Wisconsin eviction notices are mandatory prelawsuit forms served on tenants who have violated their lease agreement or the law to provide them with a period in which they can remedy the violation, or quit the premises before facing an eviction action in court. Each notice will state the basis for the eviction, a description of the infraction, whether there are remedies to retain tenancy, and the number of days the tenant has to operate. Failure to comply with the notice terms will enable the landlord to file for eviction and, in most cases, receive a court order to have the tenant evicted by law enforcement.
5-Day Notice to Quit for Non-Payment (Curable) – Provides a tenant with five (5) days to pay their rent or move out of the rental unit.
14-Day Notice to Quit for Non-Payment – Delivered to a tenant who has been late on rent twice within a year, this form provides fourteen (14) days to move off the property or face eviction.
5-Day Notice to Quit for Non-Compliance (Curable) – Provides a tenant with five (5) days to make repairs or otherwise resolve a violation of their lease.
14-Day Notice to Quit for Non-Compliance – This notice is served due to a second lease violation within a twelve-month period. It gives no chance for the tenant to restore the tenancy and they must leave within fourteen (14) days.
5-Day Notice to Quit for Nuisance – Served on a tenant when the landlord has been made aware that the premises are being used as a drug house or meeting place for a criminal gang.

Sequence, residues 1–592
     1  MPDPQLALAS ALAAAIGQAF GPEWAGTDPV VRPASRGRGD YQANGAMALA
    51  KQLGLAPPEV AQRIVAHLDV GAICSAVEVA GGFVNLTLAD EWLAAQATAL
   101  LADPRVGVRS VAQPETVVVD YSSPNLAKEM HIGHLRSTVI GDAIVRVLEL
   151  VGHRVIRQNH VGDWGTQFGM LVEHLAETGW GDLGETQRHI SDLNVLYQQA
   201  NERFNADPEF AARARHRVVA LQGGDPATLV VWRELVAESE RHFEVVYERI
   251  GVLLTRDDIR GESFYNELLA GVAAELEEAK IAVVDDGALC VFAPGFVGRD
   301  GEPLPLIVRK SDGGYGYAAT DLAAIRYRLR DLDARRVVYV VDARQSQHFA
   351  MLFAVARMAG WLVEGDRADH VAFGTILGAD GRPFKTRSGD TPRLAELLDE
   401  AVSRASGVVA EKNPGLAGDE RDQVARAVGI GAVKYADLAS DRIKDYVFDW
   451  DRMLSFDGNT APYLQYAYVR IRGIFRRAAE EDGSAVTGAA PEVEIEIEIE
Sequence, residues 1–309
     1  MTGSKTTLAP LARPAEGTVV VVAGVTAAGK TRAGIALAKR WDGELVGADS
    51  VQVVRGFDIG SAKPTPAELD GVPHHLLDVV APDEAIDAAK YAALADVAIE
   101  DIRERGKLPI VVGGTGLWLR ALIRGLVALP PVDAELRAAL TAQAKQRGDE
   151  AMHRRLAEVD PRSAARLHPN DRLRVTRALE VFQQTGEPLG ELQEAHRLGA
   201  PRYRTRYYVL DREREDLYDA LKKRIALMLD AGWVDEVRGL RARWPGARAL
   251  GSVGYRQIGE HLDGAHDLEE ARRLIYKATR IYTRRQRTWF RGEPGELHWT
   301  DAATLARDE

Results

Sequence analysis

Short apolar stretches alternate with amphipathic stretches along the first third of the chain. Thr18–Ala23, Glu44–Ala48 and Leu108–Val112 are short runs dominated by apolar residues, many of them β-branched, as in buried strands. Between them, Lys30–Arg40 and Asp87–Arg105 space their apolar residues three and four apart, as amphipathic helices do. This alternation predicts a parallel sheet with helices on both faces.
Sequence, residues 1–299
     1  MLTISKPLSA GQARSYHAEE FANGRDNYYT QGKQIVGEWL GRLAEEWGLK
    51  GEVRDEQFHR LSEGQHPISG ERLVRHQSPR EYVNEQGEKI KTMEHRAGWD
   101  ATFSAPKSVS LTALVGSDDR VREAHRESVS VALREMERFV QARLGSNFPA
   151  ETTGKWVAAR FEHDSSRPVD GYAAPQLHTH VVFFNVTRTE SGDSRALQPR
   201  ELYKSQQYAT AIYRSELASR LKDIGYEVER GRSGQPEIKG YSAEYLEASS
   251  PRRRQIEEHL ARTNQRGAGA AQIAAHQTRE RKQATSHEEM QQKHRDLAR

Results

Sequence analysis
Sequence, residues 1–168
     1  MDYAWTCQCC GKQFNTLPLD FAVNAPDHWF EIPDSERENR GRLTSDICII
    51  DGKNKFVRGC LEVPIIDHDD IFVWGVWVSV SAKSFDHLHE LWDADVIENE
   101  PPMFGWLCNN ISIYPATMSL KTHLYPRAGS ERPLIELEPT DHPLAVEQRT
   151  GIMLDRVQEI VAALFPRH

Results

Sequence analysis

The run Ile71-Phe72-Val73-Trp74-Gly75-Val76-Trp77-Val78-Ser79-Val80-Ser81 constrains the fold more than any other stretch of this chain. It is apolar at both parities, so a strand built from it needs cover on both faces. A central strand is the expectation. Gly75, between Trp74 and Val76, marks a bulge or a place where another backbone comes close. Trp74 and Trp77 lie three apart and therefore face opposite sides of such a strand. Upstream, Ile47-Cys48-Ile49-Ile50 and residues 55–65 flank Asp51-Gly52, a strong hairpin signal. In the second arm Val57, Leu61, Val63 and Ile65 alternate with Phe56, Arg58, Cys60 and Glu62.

5-Day Notice to Quit for Imminent Threat – Served to evict a tenant who has threatened the safety of another tenant or child of that tenant.
5-Day Notice to Quit for Criminal Activity – Gives a tenant five (5) days to move out after they’ve carried out or allowed criminal activity on or near the premises.
28-Day Notice to Terminate Month-to-Month Tenancy – Provides twenty-eight (28) days’ notice to either the landlord or the tenant that the other party is terminating a periodic or at-will tenancy.
- Grace Period: Not mentioned in state statutes
- Non-Payment of Rent (§ 704.17(2)(a)): Five (5) Days (first violation), Fourteen (14) Days (second violation)
- Lease Non-Compliance (§ 704.17(2)(b)): Five (5) Days (first violation), Fourteen (14) Days (second violation)
- Periodic Tenancy Termination (§ 704.19(3)): Twenty-eight (28) Days
- Committing Waste (§ 704.17(2)(b)): Five (5) Days (first violation), Fourteen (14) Days (second violation)
- Nuisance (§ 704.17(2)(c)): Five (5) Days